The appearance of important and prominent Black characters (or historical figures) in chess filmography is quite extensive. In the famous 1993 film Searching for Bobby Fischer, we see a fictional character, a chess player in New York’s famous Washington Square, played by Laurence Fishburne. This character is actually an amalgam of three real Black Americans who influenced Josh Waitzkin in real life: an older gentleman named Jerry who encouraged Josh to take risks in chess and “play the man, not the board,” Poe McClinton, and Vincent Livermore – the latter two being more like the actual movie representation, expert strength chess hustlers.
Aside from this, we have many movies that have portrayed often true stories of Black people who have had their life transformed and have also transformed the lives of many others, through chess. Volumes could be done on this, but below is a quick exploration of some of these titles:
The made for TV movie The Mighty Pawns (1987) was a story inspired by the true-life exploits of the Roberts Vaux Junior High School chess team of Philadelphia Pennsylvania. They were a team of young black students from a predominantly black neighbourhood, overcoming the stereotypes of both society at large, as well as the bias of the common chess circles at the time. The team won the National Junior High School Chess Championship seven years in a row from 1977-1983.
Fresh (1994) was a fictional representation of how chess can be relevant in terms of life skills in underprivileged societal settings, and was used to overcome the obstacles that far too many African-Americans have had to struggle through.
Knights of the South Bronx (2005) was based on the true story of David MacEnulty who led the elementary children of the Bronx Community Elementary School to win New York City as well as State Championships. This story demonstrates how equality is achieved over the chess boards and has led many Black young students, who have grown up under harsh conditions, for an opportunity of Black Americans in the big city.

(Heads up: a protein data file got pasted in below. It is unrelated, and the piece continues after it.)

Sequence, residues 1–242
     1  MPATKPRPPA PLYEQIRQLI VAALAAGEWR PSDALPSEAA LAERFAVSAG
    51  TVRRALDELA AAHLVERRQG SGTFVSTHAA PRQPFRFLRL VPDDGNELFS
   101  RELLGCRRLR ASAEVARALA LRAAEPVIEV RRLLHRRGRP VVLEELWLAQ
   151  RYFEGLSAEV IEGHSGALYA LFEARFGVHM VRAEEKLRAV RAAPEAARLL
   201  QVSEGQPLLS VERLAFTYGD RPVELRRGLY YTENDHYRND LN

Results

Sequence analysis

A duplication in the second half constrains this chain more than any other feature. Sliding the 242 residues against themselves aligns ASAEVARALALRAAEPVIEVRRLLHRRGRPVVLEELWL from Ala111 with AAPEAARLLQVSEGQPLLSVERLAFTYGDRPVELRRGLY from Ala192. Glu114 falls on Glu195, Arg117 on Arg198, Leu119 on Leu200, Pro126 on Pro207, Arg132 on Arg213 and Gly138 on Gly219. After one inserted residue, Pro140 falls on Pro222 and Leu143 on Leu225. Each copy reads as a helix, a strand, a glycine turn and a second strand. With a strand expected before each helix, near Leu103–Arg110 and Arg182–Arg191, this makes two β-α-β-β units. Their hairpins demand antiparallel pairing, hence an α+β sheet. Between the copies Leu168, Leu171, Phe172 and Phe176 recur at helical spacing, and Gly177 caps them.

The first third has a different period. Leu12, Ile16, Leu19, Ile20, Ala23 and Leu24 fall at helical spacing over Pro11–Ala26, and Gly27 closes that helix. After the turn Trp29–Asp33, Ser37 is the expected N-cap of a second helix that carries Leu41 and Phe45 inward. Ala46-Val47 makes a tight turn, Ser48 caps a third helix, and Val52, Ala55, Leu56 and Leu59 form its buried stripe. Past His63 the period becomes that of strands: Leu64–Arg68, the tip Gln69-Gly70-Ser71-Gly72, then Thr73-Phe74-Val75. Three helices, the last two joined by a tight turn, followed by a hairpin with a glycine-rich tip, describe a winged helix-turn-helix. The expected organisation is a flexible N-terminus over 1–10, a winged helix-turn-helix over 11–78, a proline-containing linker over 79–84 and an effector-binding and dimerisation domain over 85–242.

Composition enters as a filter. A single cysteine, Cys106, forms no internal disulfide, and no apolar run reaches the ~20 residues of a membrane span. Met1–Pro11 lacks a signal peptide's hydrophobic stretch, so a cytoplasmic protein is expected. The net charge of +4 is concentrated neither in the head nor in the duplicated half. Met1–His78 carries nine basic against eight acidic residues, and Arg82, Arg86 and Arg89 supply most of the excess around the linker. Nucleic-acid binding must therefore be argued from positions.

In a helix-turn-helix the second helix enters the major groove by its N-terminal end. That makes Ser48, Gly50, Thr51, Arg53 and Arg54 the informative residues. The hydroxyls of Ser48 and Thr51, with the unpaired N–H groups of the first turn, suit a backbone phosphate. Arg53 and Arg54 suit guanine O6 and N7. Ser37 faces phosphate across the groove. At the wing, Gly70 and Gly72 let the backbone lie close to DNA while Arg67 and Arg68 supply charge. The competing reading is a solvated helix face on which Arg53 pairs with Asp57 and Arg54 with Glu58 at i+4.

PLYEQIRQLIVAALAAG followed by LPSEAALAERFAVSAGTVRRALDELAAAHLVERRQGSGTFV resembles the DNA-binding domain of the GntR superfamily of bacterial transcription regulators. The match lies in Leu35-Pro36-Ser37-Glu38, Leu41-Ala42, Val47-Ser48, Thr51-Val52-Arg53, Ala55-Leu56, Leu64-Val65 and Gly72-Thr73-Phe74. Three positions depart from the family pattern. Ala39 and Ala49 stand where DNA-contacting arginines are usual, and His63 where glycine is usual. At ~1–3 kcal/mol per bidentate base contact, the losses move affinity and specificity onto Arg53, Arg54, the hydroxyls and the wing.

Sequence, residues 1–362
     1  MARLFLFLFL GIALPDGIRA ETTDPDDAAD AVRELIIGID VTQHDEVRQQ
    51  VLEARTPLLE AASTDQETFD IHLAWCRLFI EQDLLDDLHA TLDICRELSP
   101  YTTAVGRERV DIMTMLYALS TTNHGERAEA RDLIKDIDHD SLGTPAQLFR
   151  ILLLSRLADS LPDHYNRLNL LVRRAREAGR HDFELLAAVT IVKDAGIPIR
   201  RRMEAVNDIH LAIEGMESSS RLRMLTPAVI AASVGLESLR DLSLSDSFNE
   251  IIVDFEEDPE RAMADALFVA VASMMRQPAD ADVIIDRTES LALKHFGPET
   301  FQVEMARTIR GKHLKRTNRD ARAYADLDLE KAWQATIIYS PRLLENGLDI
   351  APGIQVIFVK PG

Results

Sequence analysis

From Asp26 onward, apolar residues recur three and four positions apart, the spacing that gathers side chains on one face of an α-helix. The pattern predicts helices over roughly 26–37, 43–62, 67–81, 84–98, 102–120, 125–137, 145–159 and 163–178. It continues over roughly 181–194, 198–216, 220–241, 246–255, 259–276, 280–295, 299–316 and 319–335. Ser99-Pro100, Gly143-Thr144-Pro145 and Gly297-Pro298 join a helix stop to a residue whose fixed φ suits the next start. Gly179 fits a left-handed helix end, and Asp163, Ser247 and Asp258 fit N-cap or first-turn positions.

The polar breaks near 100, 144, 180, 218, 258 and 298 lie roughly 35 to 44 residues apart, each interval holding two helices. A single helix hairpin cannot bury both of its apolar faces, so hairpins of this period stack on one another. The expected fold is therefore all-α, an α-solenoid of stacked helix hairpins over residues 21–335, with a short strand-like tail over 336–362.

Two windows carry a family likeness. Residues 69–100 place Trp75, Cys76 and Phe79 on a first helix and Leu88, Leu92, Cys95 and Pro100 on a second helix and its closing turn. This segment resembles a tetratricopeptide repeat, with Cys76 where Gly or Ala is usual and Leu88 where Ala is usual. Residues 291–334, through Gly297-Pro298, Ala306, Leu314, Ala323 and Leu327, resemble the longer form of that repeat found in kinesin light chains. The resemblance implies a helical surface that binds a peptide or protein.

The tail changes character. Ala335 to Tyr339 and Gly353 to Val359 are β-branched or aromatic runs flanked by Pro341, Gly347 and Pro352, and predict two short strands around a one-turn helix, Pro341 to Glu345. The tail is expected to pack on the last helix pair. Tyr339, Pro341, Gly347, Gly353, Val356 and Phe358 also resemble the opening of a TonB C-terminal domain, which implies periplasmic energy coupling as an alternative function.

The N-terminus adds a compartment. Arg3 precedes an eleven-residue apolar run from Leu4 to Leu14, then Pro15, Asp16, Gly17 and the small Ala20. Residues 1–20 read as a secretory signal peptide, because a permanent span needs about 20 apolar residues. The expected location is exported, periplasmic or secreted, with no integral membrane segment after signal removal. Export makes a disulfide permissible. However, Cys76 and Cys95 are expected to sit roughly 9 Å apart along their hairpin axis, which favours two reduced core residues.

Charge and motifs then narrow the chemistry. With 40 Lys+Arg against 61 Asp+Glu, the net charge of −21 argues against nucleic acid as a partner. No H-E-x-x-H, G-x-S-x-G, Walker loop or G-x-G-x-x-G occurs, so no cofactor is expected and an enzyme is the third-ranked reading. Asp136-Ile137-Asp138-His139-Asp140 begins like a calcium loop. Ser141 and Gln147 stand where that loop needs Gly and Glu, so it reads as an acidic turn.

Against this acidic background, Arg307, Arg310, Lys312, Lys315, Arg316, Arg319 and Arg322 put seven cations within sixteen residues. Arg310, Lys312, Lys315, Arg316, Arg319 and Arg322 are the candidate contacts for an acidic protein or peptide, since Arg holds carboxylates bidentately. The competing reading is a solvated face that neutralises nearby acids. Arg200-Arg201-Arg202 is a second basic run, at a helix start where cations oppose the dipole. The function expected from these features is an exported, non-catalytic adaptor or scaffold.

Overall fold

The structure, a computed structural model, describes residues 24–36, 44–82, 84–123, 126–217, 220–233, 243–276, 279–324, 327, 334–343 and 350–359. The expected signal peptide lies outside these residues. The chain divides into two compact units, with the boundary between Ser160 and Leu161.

Life of a King (2013) was the true story of Eugene Brown, a Black American who overcame a rocky past and misled youth due to environmental inequalities. He became a leader and inspiration for inner-city youths in Washington D.C. as a living example to escape the otherwise more negative fates that have been stereotypically assigned to them. He is played by Cuba Gooding Jr.
Queen of Katwe (2016) is the beautiful and inspiring true story of Phiona Mutesi. Directed by Mira Nair, this film in particular is one we can recommend to children. Born in Uganda, Mutesi grew up in incredible poverty in the slum of Katwe, outside of Uganda’s capital Kampala, to surpass all odds and become the first titled female Ugandan chess player. This is well summarized by a young girl’s remark that “in chess, the little one can become the big one.” It is a nice representation of the possibilities that chess opens not only in the mind/development/growth but also in real-world accomplishment and breadth.
Each of the films above have an important contribution to the understanding and importance of chess to the Black community and vice versa, and they are all worth seeing for various reasons. Filmography is one thing, as there is sometimes a fictional twist even to the true stories, but best is complete actual facts.
This article is part of a series of pieces exploring chess in the context of Black History Month. Click on Black History Month to learn more about Black chess players, the African history of chess, and other issues relating to chess and race.